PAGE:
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A Guide To Enjoying (And Making Your Own) GIF Art

<p>Epileptics, beware. You may want to stick to painting and skip this post.</p>

Julia Kaganskiy

The past week we’ve seen a lot of chatter about how cinemagraphs are elevating the GIF to fine art, thanks in large part to an article in The Atlantic that ruffled some feathers in the art community. There’s no denying that the GIF is seeing some unlikely (and long overdue) attention from the art world more than 20 years after it first showed up to animate our web experience in 1987. In the past few months alone we’ve seen art critics like Paddy Johnson of Art Fag City call 2010 the Year of the Animated GIF (a statement she apparently believed fervently enough to curate a show about them a few months later) and Rhizome director Lauren Cornell selling GIFs at the traditionally conservative NY Armory Show this March. It’s safe to say the cinemagraph can hardly take credit for the GIF’s transition from chat rooms and message boards to the white walls of the fine art world.

We won’t waste any space chronicling the rich and multi-faceted history of the GIF here (read Joshua Kopstein‘s excellent post “The GIF That Keeps On GIFing” for that instead), but we thought it worthwhile to take a survey of some of the best GIF artworks we’ve seen on the web lately, as well as the places to find and create more of them.

You can satisfy your low-brow GIF cravings on sites like 4chan or the countless GIF-glorifying Tumblrs like GIF Party and Fuck Yeah GIFs. A step above is the image-based chat site dump.fm from artist Ryder Ripps, whose community no doubt benefits from the artistic ties of its creator, yielding content that is more conceptual and refined than the aforementioned Tumblrs (and has even spawned exhibitions of its own). Then there’s the ambitious ANI GIF project from Daniel Rehn and Sarah Caluag, which presents monthly GIF exhibitions online and is working towards an Animated GIF Biennial (in the real world) slated for 2012.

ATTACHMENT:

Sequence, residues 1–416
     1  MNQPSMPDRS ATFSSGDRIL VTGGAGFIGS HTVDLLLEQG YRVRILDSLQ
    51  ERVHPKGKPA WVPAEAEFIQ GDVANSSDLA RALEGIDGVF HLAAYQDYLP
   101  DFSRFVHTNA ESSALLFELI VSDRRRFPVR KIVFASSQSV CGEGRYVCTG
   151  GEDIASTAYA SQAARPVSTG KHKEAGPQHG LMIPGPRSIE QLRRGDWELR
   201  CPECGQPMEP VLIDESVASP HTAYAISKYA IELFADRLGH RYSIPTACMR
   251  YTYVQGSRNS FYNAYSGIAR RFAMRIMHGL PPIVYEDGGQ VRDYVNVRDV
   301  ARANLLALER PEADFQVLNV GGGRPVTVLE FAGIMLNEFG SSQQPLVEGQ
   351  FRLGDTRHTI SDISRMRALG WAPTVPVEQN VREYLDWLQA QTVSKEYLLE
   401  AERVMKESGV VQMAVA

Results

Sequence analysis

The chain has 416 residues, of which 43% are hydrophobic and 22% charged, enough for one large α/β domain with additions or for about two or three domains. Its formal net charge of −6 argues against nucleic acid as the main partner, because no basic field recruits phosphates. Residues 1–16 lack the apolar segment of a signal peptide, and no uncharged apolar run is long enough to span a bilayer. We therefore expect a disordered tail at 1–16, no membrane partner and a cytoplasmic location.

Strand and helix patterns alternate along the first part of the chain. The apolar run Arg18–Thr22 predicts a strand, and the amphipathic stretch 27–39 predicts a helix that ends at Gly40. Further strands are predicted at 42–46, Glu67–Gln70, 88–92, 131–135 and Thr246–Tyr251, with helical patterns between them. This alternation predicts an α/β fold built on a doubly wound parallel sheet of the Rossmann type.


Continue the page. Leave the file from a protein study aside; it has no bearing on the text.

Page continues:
Although GIFs are notably carving out their own formal and visual styles, firmly rooted in the culture of the internet and the limitations of the GIF file format, here are a few artistic traditions we’ve seen GIF artists embracing.

POP ART
This one’s the obvious choice because, well, just about everything on the web can in some way be classified as having a foothold in pop culture. In the digital age, this style is often rooted in internet memes, TV or film mash-ups, or 8-bit nostalgia.

Ryder RippsObama Kermit Meme

Tom MoodyGold Machine Cosmos


OP ART
GIFs lend themselves to this visual style quite well, reveling in optical illusion by animating the sensations of movement already present in their static visual counterparts.

David OpeUntitled (110503)

Antlers WifiUntitled


ABSTRACT ART
Making use of basic geometric forms, colors and lines, it comes as no surprise that many of the web’s animated GIFs would fall under the category of “abstract art.” Given the GIF’s simple file format and small size, abstract animations work particularly well and create subtly shifting, entrancing designs.

Kim AsendorfAbstract GIF

Brandon Jan BlommaertOptical Shimmer Source


FILM
As an animated, time-based medium that often distills a narrative moment, it’s no surprise that some GIF artists align more with film than with other visual mediums. Of late, we’ve seen the term “cinemagraphs” thrown around, a kind of hybrid between photography, film and “video paintings.”

Jamie BeckMeet Me At The Bar

If We Don’t, Remember MeA.I. Artificial Intelligence

Ok, we admit, classifying GIFs under the artistic styles of previous generations may be an exercise in futility—there are many more GIFs and artists who simply defy categorization (see: Francoise Gamma, Sara Ludy, Petra Cortright, Laura Brothers, and Nicolas Sassoon). Still, in terms of recognizing and identifying the formal and contextual qualities that distinguish these GIFs from the stuff one might find on GIF Party, for instance, it helps to at least start with some conventional reference points and cast a glance back at the established standards of the old vanguard.

If you’re keen to try your hand at making your own animated GIF, there are countless sources and tools to help you do so. One of our favorites comes from artist Aaron Meyers, whose 3Frames web project and iPhone app distill the GIF to its most basic, pure form and make creating it as easy as pushing a button.

Thanks to Lindsay Howard for the GIF art tips.